Table of Contents
- Preliminaries: before 1870
- Foundations: 1870-1880
- New Clubs: 1880-1890
- The Amateur Question: 1890-1900
- Sydney on Top: 1900-1910
- Henley and War: 1910-1920
- Pearce and Mosman: 1920-1930
- Financial Problems: 1930-1940
- War and Wood: 1940-1950
- Strength and Stability: 1950-1960
- On Top Again: 1960-1970
10. Strength and Stability: 1950-1960
With trials for the Rome Olympics set down for April, 1960, the State championships were held early in the season over 2000 metres, and the King's Cup was rowed in March. Leichhardt and Mosman vied for top honours in the senior field, with the State championship finally going to the latter. Tutty won the sculling title and, with Webb, the double sculls. Leichhardt continued its domination of lightweight rowing, winning all five lightweight championships, while a new name was added to the championship list when Colleagues won the junior eight title.
The winning crew in the 1960 King's Cup was to be the basis of the Australian Olympic eight. Evatt and Fred Evans were elected NSW selectors and Longley, the Mosman coach, became coach of the State crew. It comprised Railton, Hudson, Allen and Kevin and Bruce Evans of Mosman plus Currall, Waddington and Schweikert of Leichhardt. There were 15,000 people at Launceston for the big event. WA took the lead at the half-way mark with NSW passing Victoria to gain second place. NSW challenged WA at the 1500 metre mark but it was unsuccessful and Ken Grant's WA crew won by 3/4 length from NSW with Victoria 2 lengths back in third place.
Tutty was always in control in the President's Cup and beat Peter Edwards of Victoria by 3 lengths. The titleholders, WA, once again beat NSW into second place in the Penrith Cup, the winning margin being 1 1/2 lengths. A three-man grading committee of Berkery (Tasmania), Williams (Victoria) and Evatt (NSW) was set up to assess the performance of crews in the Olympic trials, held at Penrith and Ballarat. Tutty and Webb won the double sculls, while the composite Leichhardt-Mosman crew of Waddington, Annett, Allen and Hudson won the coxless four. The Melbourne University pair of Hunt and Davies won the coxless pair, Sydney's big hope of May and White finishing third. (The latter crew did, however, travel overseas and competed for Sydney at the 1960 Henley Royal Regatta.)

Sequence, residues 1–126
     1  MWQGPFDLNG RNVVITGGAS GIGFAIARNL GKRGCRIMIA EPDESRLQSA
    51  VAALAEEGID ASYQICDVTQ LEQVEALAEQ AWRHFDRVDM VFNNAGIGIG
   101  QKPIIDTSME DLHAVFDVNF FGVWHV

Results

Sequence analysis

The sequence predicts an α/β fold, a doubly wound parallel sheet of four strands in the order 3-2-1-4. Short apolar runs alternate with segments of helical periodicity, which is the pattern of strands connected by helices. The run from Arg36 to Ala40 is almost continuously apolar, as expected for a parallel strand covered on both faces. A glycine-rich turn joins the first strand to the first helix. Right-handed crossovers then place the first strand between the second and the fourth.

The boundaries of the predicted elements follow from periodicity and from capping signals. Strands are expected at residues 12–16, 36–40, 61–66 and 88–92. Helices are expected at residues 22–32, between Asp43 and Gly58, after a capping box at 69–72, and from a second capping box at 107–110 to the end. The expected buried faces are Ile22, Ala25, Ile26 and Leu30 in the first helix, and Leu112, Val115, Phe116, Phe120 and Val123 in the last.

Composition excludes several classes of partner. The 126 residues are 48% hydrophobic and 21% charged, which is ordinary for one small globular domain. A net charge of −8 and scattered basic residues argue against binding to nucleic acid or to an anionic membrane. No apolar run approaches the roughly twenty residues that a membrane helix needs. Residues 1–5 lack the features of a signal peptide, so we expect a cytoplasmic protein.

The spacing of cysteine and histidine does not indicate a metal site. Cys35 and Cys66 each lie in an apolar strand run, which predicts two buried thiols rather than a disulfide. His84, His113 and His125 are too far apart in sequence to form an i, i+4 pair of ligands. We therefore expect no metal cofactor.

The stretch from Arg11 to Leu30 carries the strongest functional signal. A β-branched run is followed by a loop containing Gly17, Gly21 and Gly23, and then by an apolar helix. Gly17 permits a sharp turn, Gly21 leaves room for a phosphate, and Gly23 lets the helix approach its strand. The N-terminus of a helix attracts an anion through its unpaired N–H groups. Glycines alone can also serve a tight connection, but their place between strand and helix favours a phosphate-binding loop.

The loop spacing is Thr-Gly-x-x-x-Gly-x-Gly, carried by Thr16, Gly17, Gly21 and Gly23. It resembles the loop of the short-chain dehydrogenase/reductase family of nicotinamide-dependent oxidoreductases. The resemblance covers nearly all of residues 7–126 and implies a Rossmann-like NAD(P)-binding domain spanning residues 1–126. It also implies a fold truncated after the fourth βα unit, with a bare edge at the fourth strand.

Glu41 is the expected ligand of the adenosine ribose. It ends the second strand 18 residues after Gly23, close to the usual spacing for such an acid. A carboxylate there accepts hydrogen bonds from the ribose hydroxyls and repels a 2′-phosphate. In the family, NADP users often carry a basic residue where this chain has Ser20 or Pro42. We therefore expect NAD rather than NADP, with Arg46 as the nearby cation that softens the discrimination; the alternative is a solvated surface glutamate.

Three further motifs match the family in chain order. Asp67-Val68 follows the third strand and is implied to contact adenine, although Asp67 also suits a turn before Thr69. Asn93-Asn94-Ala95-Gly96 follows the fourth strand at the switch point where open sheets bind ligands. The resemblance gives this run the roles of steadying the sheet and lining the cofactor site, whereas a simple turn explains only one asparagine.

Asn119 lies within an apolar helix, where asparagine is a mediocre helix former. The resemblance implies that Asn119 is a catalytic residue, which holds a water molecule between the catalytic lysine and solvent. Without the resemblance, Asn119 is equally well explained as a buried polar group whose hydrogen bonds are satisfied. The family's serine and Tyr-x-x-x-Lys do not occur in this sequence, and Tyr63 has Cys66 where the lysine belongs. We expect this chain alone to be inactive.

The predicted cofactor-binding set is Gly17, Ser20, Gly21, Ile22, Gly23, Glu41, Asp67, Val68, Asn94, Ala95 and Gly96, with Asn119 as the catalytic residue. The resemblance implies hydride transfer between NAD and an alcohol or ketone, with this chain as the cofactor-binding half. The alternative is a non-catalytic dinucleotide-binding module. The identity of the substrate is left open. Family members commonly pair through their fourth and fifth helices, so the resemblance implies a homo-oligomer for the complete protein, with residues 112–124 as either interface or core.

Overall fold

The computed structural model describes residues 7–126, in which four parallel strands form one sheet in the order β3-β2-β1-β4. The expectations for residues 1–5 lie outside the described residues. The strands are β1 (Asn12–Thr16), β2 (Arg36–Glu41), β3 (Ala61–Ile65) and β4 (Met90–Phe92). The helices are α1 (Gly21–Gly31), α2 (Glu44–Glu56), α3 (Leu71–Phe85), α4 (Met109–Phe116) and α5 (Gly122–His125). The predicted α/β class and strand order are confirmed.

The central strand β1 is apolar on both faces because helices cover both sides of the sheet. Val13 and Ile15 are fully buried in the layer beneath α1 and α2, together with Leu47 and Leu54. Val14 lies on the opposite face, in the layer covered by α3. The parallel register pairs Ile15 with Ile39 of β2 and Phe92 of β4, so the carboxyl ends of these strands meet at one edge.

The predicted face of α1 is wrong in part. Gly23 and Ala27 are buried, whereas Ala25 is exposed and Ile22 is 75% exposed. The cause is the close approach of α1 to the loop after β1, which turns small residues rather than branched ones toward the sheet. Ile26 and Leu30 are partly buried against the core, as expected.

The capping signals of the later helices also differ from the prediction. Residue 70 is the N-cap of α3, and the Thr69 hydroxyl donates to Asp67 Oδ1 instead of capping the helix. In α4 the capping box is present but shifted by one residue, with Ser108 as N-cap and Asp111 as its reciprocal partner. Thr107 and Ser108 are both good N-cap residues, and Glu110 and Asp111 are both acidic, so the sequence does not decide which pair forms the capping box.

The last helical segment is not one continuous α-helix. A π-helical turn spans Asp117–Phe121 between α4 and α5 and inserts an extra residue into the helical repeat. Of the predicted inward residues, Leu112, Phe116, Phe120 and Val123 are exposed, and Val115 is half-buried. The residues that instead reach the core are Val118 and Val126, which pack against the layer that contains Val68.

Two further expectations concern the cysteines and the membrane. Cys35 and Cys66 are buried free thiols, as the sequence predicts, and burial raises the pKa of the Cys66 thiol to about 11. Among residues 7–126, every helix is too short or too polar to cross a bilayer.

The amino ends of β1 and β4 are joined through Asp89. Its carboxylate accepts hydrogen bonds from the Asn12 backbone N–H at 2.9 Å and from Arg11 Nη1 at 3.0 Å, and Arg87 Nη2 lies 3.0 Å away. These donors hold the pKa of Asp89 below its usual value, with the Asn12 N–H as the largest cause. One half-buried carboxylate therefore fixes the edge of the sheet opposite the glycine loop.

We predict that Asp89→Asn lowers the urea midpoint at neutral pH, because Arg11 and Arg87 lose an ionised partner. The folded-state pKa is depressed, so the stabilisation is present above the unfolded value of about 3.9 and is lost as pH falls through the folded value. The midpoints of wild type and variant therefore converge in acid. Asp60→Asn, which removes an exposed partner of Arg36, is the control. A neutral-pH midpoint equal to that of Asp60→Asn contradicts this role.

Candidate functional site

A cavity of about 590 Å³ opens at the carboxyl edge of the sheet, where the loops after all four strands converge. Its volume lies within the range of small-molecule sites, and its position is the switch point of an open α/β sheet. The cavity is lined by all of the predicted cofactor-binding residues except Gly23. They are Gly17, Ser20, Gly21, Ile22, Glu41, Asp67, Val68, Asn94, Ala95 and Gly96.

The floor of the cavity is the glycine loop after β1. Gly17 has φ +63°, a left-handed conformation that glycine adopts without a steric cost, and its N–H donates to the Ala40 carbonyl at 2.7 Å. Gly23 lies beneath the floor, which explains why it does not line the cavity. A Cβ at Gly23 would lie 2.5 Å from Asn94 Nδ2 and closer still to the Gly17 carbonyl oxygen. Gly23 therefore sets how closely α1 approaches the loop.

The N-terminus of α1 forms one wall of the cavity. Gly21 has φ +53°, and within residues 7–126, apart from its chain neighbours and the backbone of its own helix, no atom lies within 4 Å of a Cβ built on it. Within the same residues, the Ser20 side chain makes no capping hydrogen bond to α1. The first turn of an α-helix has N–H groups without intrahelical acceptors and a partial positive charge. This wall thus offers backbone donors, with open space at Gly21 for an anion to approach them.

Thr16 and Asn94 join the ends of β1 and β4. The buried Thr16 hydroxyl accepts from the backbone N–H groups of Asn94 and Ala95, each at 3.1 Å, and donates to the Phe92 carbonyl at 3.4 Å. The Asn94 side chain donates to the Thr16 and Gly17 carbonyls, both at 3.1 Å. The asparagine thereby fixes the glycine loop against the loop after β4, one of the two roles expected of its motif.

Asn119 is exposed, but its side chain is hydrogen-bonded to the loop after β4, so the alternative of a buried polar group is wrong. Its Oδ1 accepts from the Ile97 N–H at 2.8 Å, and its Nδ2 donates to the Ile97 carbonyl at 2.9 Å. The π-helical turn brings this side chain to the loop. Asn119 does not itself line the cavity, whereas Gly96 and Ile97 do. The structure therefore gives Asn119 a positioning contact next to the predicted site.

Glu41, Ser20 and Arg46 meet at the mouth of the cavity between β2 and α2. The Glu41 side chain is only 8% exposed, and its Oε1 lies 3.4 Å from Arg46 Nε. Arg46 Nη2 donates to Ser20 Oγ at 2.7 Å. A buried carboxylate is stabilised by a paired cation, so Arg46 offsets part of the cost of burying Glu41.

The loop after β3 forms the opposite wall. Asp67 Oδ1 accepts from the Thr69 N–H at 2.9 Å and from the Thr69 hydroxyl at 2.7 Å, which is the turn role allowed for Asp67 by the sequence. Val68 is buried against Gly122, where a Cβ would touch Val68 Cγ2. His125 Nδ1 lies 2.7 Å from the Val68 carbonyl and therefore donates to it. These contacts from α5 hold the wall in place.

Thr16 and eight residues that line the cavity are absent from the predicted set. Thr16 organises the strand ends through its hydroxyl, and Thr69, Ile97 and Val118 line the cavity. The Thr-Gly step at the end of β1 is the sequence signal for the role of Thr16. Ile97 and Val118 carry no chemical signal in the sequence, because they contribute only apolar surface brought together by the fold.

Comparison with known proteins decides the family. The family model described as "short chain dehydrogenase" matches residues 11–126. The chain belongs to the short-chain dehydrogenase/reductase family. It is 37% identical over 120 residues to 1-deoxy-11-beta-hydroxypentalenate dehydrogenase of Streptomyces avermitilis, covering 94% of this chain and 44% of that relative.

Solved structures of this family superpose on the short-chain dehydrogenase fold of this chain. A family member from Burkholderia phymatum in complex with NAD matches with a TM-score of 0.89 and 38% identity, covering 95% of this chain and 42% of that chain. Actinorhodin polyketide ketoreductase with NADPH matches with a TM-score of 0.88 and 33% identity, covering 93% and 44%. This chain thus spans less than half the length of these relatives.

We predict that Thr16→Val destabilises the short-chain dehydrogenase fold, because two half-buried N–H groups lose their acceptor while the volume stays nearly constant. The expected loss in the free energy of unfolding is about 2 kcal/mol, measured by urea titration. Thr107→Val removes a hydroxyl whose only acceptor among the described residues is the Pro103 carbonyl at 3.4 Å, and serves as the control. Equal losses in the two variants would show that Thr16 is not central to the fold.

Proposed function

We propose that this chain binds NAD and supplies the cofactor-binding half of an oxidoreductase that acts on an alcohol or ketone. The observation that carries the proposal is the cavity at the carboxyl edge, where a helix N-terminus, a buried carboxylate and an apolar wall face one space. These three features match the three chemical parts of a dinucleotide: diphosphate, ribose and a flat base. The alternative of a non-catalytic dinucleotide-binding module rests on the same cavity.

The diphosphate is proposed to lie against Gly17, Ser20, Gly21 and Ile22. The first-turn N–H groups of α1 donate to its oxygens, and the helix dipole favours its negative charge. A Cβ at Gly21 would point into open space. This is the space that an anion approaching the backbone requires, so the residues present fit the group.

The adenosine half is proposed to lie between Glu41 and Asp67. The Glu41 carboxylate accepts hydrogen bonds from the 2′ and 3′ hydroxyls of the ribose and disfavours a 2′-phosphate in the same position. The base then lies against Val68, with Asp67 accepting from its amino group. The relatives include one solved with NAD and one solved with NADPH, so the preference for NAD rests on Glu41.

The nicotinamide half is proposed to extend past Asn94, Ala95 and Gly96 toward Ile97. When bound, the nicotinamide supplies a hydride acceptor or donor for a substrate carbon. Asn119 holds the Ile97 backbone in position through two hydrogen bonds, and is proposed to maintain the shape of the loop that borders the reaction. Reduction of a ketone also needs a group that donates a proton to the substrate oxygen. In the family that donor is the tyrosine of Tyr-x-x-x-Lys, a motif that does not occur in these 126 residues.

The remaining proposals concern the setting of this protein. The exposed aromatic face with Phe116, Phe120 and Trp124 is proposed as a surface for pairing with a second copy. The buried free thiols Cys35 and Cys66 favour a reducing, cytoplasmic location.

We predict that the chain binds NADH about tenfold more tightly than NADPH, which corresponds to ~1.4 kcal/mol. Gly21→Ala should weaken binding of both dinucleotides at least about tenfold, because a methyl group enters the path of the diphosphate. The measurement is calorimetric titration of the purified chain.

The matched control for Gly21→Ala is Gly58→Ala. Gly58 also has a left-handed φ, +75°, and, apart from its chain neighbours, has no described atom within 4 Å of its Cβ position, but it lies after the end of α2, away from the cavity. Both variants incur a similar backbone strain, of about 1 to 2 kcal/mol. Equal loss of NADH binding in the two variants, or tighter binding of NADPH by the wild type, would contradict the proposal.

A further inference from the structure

The coxed pair and coxed four events were won by Hunt and Davies and by the Leichhardt-Mosman combination respectively, albeit by very narrow margins. Although he had not competed in trials and had been seriously ill, Mackenzie, who had won three Diamond Sculls in a row and was shortly to win a fourth, was first in the nominations for the Olympic rowing. The eight was second, the coxless pair third and the coxed four fourth. The runner-up crew in the coxed pair, Guest and Howell of Victoria, was placed next, and Webb and Tutty sixth. The runner-up Victorian coxless four was placed seventh. In fact, sufficient finance was found to enable all crews to make the trip. Reg Blundstone of Tasmania became team manager while, for the first time, a team captain was also appointed, the evergreen Kevyn Webb being given this honour.
During the 1948/49 season-and doubtless under the influence of George Parlby - the club wrote to Thames Rowing Club in England for the plans of its four-oar rowing tank. The Thames tank must have been quite old for Derwent Rowing Club in Tasmania constructed one on its lines in 1925-and claimed it was the first of its type in the Commonwealth.Eight-oar tanks were common in the USA at least by the 1930's, when Yale, Princeton and Columbia all had one (the freezing of the rivers in winter being, of course, an additional attraction of a tank in many countries).
The Olympic rowing events at Lake Albano were a great disappointment for Australia. Illness prevented Mackenzie from starting but, in the other six events, only one crew - the coxed four-made the final, and it finished fifth. West Germany won three events, Russia two, and Czechoslovakia and the USA one each. The eights went to Karl Adam's West German crew, with Canada second and Czechoslovakia third, while Ivanov of Russia successfully defended his sculling title. The Australian squad returned to Australia with, at least, additional knowledge: of the scientific approach and the interval training methods of the West Germans; of the rigorous, dedicated approach of the Canadians; of the growing use of the Italian or tandem rigged boat; of the comparative heaviness of many of the Australian boats; and, above all, of the need for keener racing for Australian oarsmen, both abroad and at home.